The newly minted Supreme Court of the UK handed down its first decision this week, after coming to power on October 1, 2009. There is no doubt that Brits (and the rest of us) are still getting used to the idea of new branch of government in the UK. There is even some question (in my mind at least) about how many British citizens even know about the change. I was at dinner several weeks ago with a veteran British Political Scientist (albeit, one who has been transplanted across the pond for some time now) who, in response to my question about any thoughts on the new body, asked “What Supreme Court?,” perhaps wondering if I had mistaken Britain for, I don’t know, New Zealand.
Indeed, it seems almost unfathomable that the British would adopt such a change. For one thing, the process was downright hasty, by British standards. The Supreme court was envisioned in a deliberate, almost Lockean, move of igneous constitutional reform — not the product of sedimentation as we like to think of the origins of most of British constitutional structure. This is the short, sharp, shock that Cheryl Saunders refers to in her excellent post commemorating the last decision made by the outgoing Law Lords. The sharp part of the reform has to do with the British embrace of some notion, however moderate, of separation of powers. We shouldn’t think that the days of Parliamentary Supremacy are over — British citizens will not be electing an executive directly and with a fixed term any time soon. However, it is remarkable that the laws of Parliament will now be interpreted by another body, not Parliament itself (in the form of the House of Lords’ law committee (Law Lords)). In this context, it is remarkable indeed that this change would go down with so little fanfare (if, indeed, my guess about citizen awareness of this change is borne out by the data — I will be on the lookout for any public opinion data on the subject).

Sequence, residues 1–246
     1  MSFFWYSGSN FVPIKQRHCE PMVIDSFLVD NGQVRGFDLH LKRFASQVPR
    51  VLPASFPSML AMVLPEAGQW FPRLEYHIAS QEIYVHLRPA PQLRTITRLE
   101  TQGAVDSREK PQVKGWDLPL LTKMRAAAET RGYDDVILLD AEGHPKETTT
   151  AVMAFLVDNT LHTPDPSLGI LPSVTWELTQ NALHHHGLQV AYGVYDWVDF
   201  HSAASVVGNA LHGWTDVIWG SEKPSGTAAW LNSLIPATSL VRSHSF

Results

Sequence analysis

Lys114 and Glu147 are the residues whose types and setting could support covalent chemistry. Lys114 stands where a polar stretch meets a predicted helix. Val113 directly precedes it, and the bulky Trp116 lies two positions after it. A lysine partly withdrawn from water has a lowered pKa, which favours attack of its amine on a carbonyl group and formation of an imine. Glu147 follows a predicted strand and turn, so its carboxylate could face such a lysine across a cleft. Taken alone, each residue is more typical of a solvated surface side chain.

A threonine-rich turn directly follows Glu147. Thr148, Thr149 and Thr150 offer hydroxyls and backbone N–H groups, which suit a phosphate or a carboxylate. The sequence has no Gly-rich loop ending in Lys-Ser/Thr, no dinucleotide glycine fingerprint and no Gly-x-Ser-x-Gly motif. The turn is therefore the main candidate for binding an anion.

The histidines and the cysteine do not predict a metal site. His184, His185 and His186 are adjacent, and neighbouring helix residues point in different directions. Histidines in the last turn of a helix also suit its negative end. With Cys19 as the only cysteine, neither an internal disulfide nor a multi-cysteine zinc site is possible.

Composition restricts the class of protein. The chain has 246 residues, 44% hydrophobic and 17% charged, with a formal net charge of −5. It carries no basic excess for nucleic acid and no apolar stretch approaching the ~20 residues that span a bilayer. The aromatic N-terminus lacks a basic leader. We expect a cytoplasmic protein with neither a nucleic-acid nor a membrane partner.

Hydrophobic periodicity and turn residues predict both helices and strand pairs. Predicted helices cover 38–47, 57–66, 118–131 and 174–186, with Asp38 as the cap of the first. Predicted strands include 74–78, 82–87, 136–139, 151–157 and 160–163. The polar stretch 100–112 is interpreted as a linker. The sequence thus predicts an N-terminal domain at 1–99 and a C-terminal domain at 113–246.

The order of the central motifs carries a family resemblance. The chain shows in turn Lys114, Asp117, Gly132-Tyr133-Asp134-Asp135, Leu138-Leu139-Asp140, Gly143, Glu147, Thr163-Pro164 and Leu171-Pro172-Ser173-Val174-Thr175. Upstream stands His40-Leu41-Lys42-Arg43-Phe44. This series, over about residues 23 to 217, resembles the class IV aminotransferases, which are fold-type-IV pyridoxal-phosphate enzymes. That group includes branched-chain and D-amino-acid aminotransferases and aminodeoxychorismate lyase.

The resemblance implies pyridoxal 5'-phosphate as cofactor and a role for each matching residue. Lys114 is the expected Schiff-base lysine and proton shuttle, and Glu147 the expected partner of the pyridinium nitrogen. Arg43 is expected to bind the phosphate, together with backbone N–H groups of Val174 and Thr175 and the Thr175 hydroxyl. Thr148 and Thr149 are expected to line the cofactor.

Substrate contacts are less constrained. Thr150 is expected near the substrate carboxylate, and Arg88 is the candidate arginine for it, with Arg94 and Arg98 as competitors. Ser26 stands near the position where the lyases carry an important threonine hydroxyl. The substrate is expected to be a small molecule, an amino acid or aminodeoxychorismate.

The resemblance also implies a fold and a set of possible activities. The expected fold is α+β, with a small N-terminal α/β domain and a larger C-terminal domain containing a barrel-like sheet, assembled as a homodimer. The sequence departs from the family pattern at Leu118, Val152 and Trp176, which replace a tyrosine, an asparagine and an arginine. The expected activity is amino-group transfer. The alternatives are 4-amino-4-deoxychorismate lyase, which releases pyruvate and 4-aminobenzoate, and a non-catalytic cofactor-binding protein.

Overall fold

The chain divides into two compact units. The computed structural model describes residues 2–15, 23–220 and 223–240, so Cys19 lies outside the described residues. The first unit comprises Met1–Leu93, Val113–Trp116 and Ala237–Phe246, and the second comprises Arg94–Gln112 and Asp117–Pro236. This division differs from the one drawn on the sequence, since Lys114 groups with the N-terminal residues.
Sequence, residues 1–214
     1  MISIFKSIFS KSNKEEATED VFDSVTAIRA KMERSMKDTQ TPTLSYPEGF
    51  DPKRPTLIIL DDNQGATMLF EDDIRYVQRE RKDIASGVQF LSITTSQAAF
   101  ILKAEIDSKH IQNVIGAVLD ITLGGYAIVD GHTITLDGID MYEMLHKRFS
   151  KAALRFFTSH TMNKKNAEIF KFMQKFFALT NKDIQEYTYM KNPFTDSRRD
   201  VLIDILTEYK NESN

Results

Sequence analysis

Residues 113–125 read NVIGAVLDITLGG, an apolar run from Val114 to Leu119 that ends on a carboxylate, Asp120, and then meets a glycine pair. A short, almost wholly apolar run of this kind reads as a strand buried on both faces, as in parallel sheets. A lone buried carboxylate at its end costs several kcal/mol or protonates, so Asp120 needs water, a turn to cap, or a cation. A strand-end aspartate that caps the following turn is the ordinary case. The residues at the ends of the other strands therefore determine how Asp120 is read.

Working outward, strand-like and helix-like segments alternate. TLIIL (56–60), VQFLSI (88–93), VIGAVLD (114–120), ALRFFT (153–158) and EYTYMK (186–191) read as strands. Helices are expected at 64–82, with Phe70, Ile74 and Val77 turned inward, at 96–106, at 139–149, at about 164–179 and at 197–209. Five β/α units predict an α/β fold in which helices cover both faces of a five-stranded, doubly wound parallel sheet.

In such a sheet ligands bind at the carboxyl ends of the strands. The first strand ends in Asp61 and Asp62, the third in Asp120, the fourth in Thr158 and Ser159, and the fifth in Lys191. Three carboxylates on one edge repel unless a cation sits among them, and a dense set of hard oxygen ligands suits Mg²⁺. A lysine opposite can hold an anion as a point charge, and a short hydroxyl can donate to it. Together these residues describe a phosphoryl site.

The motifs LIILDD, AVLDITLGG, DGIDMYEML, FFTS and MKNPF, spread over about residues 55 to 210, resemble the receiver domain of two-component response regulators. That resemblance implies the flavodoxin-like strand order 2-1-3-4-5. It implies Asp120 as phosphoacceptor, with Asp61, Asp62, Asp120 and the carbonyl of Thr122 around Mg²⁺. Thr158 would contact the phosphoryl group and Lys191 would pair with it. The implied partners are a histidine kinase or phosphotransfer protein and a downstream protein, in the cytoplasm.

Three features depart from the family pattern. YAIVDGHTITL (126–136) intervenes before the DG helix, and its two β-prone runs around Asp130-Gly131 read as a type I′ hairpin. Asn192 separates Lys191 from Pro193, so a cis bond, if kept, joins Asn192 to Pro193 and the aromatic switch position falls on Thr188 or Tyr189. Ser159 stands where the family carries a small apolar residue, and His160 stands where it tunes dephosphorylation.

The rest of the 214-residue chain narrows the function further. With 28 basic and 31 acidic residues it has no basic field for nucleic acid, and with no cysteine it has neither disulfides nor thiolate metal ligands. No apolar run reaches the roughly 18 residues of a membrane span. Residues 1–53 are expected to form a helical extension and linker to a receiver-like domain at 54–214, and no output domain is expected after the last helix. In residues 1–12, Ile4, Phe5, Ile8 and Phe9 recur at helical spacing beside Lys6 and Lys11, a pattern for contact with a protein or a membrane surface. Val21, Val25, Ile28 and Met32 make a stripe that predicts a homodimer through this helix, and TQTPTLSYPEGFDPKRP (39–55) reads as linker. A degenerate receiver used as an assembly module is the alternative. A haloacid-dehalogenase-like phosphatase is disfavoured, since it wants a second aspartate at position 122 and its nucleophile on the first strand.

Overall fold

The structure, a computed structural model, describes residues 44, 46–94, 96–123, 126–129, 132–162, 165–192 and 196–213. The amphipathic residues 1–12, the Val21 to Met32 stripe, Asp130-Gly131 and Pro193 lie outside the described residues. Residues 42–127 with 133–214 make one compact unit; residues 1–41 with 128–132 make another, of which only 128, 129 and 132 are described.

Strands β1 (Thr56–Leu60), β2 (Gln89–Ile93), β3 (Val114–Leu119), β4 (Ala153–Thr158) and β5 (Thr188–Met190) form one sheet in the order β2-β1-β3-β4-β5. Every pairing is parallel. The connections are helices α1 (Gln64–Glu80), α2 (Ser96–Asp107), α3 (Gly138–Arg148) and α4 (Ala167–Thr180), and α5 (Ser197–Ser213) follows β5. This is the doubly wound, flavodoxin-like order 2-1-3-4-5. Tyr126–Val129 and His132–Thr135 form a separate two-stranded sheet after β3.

Whether under the radar or not, this arrival of this new body introduces a wave of interesting questions, which scholars will be grappling with for years. The court’s members are selected by a commission (with, presumably, professional rather than political goals) but appear to serve at the pleasure of Parliament (what exactly that will mean in practice is unclear at this point), and are obligated to retire at 70. This suggests to me a score somewhere near the mean in terms of judicial independence (compared to contemporary standards), but I’ll let our colleague Julio Rios Figueroa score that with his index. At any rate, the new body represents a significant shift upwards in independence from the prior regime. How the new court’s decisions will differ from those of the Law Lords and which cases get heard remain to be seen, but given a new structure and newfound independence, one would expect increased pushback on Parliament.
The court’s decision in its first case — what constitutes membership in the Jewish faith — suggests that its decisions will be far reaching, perhaps even up to the heavens. I will leave the discussion of that case for another post. Suffice it to say that it takes up some of the most fundamental issues in relationship between church and state.